Drug-related charges make up a huge portion of criminal cases here in the greater Denver area. They involve state and federal laws, law enforcement agencies, and prosecutors. They cover everything from possession to multi-national, multi-million dollar drug operations. Though these charges are common, don’t assume they’re not a big deal. A conviction could have a significant impact on your life.
If you’re being investigated for or are charged with a drug-related crime, you need to know where you stand and what your best options are in order to make the right decisions about what you should do next. Call Kevin R. Churchill at (303) 832-9000 to schedule a free consultation. It’s estimated there are about 450,000 people in US jails because they were arrested for or convicted of non-violent drug-related crimes. That’s about 20% of our total national prison population or slightly less than the number of people living in Colorado Springs. You don’t want to join them if it’s at all possible.
What are Drug-Related Crimes?
Possible drug charges are limited only by state and federal statutes, the many different roles in the illegal drug industry, and the prosecutor’s imagination.
- Drug charges not only involve illegal drugs we’re familiar with – heroin, cocaine, methamphetamines, LSD, and marijuana (depending on what you do with it and the amount) – but also selling or doing something that’s illegal with drugs (or drug ingredients) that are otherwise legal to buy over the counter or with a prescription. Illegal acts include possession, possession with intent to sell, trafficking, distribution, importation, transportation across state lines, and manufacturing.
- Handling and investing money earned through illegal drugs to make it appear that it has been earned legitimately (money laundering) is also illegal.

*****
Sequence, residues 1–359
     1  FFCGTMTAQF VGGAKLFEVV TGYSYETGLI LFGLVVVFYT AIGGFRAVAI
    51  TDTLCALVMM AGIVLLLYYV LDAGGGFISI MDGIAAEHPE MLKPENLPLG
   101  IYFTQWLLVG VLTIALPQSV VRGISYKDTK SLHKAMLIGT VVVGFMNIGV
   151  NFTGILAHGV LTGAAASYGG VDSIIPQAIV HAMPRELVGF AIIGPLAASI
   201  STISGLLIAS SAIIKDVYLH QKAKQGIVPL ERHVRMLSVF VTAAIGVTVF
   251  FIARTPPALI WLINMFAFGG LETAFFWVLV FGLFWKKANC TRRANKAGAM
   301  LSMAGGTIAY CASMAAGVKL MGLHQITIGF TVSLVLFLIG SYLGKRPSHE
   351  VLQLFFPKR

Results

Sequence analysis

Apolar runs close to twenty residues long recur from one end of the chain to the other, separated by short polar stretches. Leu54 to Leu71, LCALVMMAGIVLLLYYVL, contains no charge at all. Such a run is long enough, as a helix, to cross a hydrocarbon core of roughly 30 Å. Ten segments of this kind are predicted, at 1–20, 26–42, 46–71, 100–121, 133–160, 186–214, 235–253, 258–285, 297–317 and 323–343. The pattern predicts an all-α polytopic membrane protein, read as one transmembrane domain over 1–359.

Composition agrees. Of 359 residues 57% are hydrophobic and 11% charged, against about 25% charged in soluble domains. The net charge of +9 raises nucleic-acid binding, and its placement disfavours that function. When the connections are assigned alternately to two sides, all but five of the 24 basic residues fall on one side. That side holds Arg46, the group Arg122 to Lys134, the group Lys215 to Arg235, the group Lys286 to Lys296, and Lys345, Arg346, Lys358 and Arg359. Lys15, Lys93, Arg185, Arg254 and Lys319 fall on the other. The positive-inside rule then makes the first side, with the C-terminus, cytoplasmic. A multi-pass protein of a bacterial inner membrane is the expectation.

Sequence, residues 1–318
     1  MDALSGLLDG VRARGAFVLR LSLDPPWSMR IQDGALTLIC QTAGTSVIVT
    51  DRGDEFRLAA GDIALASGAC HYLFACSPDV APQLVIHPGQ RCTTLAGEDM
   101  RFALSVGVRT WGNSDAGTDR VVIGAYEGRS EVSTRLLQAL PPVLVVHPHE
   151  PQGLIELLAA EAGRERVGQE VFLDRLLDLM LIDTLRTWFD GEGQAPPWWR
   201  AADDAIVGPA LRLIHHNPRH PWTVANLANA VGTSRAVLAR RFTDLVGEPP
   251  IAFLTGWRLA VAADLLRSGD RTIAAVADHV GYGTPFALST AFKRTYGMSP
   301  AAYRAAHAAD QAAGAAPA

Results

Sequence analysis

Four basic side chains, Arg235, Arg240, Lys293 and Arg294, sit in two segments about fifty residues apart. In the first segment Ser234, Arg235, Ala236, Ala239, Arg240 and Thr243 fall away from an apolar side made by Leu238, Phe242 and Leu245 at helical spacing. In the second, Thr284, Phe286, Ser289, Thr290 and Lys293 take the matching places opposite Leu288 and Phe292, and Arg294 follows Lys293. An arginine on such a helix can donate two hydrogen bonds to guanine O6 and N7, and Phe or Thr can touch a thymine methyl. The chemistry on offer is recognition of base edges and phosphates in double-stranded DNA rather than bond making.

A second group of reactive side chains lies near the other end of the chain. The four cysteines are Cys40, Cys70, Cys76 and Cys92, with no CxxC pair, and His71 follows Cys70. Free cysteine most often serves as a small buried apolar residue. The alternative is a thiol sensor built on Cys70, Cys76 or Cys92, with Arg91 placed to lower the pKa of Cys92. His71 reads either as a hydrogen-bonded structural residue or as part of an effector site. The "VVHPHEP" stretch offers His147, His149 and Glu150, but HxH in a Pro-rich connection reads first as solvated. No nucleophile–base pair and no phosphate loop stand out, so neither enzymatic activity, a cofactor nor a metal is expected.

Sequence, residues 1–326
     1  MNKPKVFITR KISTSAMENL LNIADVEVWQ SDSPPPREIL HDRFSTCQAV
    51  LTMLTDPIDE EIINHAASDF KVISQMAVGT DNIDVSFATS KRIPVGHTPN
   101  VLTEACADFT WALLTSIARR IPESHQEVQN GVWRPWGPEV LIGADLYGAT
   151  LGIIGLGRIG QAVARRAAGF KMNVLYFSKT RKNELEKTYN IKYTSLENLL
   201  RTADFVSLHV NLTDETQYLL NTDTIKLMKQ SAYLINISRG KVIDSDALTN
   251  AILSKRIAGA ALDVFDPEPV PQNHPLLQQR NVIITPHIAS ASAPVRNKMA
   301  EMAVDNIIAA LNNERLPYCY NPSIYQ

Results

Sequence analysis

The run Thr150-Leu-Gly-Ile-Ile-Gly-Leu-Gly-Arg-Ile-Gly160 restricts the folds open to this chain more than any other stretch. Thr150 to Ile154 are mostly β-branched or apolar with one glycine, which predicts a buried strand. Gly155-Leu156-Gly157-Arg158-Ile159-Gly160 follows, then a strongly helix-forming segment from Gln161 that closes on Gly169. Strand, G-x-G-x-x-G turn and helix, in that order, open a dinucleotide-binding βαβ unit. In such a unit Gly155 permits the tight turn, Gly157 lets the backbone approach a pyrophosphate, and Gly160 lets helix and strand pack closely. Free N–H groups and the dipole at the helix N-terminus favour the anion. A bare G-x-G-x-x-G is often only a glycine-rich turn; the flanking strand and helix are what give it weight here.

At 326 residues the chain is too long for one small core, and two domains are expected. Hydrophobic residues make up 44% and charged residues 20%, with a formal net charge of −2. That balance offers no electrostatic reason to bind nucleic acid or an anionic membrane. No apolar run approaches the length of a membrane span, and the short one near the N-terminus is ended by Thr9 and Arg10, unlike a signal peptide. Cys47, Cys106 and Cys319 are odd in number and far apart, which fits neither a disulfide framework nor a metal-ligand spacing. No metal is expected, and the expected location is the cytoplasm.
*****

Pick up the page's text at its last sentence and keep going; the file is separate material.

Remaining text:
What Should I Be Most Concerned About?
1. Get Help So You Won’t Make a Bad Situation Worse.
Whether you learn you’re under investigation for a drug-related crime or were arrested, it’s critical you get legal advice and representation as soon as you can. You may say or do things that you think will help your situation, but you could be making things worse. Criminal law can be highly complex. Law enforcement may infringe upon your constitutional rights while building a case against you. The more problems with your case, the better it is for you. You may be in a much better position to deal with this than you know.
You need advice so you can make an informed decision about what to do next. Don’t guess or take the advice of those arresting you. You may be in a very serious situation or your charges may be minor and easily dealt with. No matter what you’re facing, you need to be sure of your next steps.
2. The Prosecution Has the Burden of Proving You’re Guilty Beyond a Reasonable Doubt. You Don’t Have the Burden to Prove You’re Innocent.
Don’t panic. Keep calm. Being arrested can be frightening and stressful. The officers may tell you how much trouble you’re in and the terrible things that will happen to you. They may just want to frighten you into cooperating and confessing so their work is easier and they can close another case.
Many things can go wrong in a criminal investigation. Officers may have made mistakes along the way, but they won’t admit that to you. After we’re retained, we will do our own investigation. We often uncover errors in the prosecution’s case, leading to charges being withdrawn or favorable plea bargain agreements being reached for our clients.
3. You Have the Right to Remain Silent. Take Advantage of That Right.
You have the right to remain silent when you’re questioned by law enforcement. Many people have been arrested and convicted of drug-related charges because they tried to explain their situation, offered excuses for what happened, or implicated themselves while giving information about others in the hope that it would reduce their charges.
Officers can talk all they want. They may ask you questions until they’re so hoarse they can’t speak. Don’t take the bait. Tell them you’re not saying anything until you consult with an attorney then contact our office. Not talking will never make you look guilty later in court.
Cooperating with the police may be the right thing to do in your situation, but you must do it in a way that gives you the most protection and benefit. Law enforcement doesn’t have your best interests at heart, we do. They want to close cases, we want the best possible outcome for you and your family.
Get the Help You Need from an Attorney You Can Trust
Kevin Churchill has represented those accused of drug-related offenses for more than two decades. His criminal defense experience will bring the insight that you need to understand how Denver prosecutors, judges, and jurors will react to the evidence and defenses in your case. Call him today at (303) 832-9000 to schedule a free consultation.